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Those positions were obvious adds for the Cowboys from the time free agency got into full swing, and it wasn’t surprising to see them addressed last weekend. But the Cowboys’ most significant signings early in free agency were tackle Cameron Fleming and guard Marcus Martin. Heading into the draft, it seemed completely reasonable that Fleming might start at right tackle, kicking La’el Collins back inside to left guard, where he played in 2015 and 2016 before shifting across the line after the retirement of Doug Free. Then again, the Cowboys were at their best in 2014 and 2016 when their offensive line was dominating the league; so it maybe should not have been surprising when they tried to stack on top of their strength by selecting Texas offensive lineman Connor Williams in the second round. Williams was considered a potential first-round selection, but his up-and-down 2017 season and poor measurables for a tackle knocked him down the board to No. 50. The Cowboys made clear that they see him as an interior lineman, which means we should likely expect him to start at left guard and Collins to stay at tackle, while Fleming and Martin provide depth. It’s fairly clear there was a concerted effort to upgrade and add depth to this unit, even though it was considered the strongest on the team and one of the strongest in the league. That effort, at least on paper, looks like a success.

The team’s much more ambitious, much more controversial, and much less obvious plan this offseason was apparently to dramatically overhaul the offensive skill position groups.
It’s no secret that the Cowboys struggled to create splash plays offensively last season, with a lack of speed anywhere on the offense being pegged as a definitive culprit. Dallas added two bodies to the wide receiver room in March with Allen Hurns and Deonte Thompson and executed a trade with the Raiders that landed versatile fullback Jamize Olawale; but until they surprisingly cut Dez Bryant two weeks before the draft, you might not have known this overhaul was coming. After a weekend full of picks and trades, the team has a much different look than it did before the draft:
Running back: Ezekiel Elliott, Rod Smith, Alfred Morris, Darren McFadden, Keith Smith, Jamize Olawale (trade), Tavon Austin (trade), Bo Scarborough (7th)
Wide receiver: Dez Bryant, Cole Beasley, Terrance Williams, Brice Butler, Ryan Switzer, Noah Brown, Allen Hurns (FA), Deonte Thompson (FA), Michael Gallup (3rd), Cedrick Wilson (6th)
Tight end: Jason Witten (probable retirement), James Hanna (retirement), Geoff Swaim, Rico Gathers, Blake Jarwin, Dalton Schultz (4th)
That’s Morris, McFadden, (Keith) Smith, Bryant, Butler, Switzer, Witten, and Hanna out; and Olawale, Austin, Scarborough, Hurns, Thompson, Gallup, Wilson, and Schultz in. The departed players account for 54.6 percent of all snaps played by Dallas skill position players last season; 28.9 percent of the snaps in the backfield (this figure is obviously affected by Ezekiel Elliott’s six-game suspension), 46.7 percent of the snaps at receiver, and 88.4 percent of the snaps at tight end. In all, there are 2,415 snaps that need to be replaced by eight incoming players. Some of those players obviously figure to see more than others, but that is a whole lot of change — and if you’re reading the tea leaves, it’s obvious the Cowboys might not even be done. The operative question, of course, is how all these pieces fit together, and how the Cowboys plan to utilize them.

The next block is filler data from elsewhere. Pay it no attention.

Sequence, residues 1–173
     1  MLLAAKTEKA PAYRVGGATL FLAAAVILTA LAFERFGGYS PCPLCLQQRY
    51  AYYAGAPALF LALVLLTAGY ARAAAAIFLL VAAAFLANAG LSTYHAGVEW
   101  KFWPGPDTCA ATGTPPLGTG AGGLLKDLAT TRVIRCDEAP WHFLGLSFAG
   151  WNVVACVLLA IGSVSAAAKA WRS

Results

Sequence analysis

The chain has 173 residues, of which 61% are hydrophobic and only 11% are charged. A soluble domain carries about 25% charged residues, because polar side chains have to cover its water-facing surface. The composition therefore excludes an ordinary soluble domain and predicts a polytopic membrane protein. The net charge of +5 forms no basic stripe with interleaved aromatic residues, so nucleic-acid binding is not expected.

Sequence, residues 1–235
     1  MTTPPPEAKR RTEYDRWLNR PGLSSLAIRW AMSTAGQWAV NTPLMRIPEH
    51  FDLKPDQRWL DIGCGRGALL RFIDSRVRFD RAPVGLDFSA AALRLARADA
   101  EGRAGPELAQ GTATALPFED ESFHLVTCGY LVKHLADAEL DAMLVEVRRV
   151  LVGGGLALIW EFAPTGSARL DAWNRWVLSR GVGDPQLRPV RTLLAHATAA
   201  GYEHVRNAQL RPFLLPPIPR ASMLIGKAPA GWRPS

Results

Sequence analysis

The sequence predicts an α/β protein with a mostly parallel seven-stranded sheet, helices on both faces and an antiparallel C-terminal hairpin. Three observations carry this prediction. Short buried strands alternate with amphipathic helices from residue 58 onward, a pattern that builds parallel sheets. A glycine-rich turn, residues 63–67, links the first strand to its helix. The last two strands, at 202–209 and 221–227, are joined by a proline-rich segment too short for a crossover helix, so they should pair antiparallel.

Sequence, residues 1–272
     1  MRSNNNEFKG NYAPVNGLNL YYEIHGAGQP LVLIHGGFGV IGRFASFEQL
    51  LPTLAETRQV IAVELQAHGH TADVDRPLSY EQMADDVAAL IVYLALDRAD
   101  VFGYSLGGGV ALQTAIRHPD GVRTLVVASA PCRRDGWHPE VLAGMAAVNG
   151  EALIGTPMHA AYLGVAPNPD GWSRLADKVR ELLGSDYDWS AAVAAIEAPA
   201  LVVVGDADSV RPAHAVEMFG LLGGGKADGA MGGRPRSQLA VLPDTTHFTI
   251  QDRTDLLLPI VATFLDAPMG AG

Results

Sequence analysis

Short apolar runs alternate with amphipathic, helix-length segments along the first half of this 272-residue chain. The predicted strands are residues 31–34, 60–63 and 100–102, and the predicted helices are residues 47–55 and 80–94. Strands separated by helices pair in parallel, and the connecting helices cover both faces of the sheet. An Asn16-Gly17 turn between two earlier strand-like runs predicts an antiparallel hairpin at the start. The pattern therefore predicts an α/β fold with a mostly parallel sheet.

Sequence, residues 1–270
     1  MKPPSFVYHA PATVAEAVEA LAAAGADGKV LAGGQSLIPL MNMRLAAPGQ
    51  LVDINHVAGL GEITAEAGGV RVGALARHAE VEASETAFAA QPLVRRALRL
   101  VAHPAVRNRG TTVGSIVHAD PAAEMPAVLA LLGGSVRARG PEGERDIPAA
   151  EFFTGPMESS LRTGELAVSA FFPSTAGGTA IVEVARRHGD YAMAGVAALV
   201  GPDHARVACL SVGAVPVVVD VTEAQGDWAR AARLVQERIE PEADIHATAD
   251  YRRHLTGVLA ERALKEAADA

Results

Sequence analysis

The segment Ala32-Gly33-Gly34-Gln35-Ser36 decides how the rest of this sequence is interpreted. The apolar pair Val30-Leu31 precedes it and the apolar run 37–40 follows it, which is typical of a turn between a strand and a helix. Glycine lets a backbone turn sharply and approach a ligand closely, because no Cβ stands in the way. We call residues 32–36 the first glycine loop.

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To start with, the roster spots of the three holdover receivers seem extremely tenuous. The Cowboys can save $3.25 million against the salary cap by cutting Beasley, and not only did they add a receiver in free agency who has extensive experience in the slot (Hurns), they also traded for a gadget weapon who can move to different spots on the field and run jet-sweeps, quick screens, and short-breaking routes (Austin). Beasley was arguably the team’s best receiver in 2016 but he has not been the same since suffering a hamstring injury late in that season. He had a career-low catch rate last season and also posted his lowest figures since his rookie year in both receptions per game and yards per reception.
The Cowboys re-signed Williams last offseason to a deal they touted as a discount (four years, $17 million), but he came out and had his worst professional season (career-low 10.7 yards per reception, zero touchdowns) and the best thing you can say about him at this point is that he’s a willing and above-average blocker. By signing Hurns and drafting Gallup, it seems pretty clear the Cowboys are planning for a post-Williams world. I’d be shocked if he was on the roster in 2019. Brown was a sixth-rounder in 2017 who is basically a hybrid tight end most known for his blocking, but considering the Cowboys have preseason star Gathers coming back from injury and that they just drafted both a tight end that is known as an excellent blocker and a big-bodied wide receiver on Day 3, I would not be feeling too safe if I was Brown, either.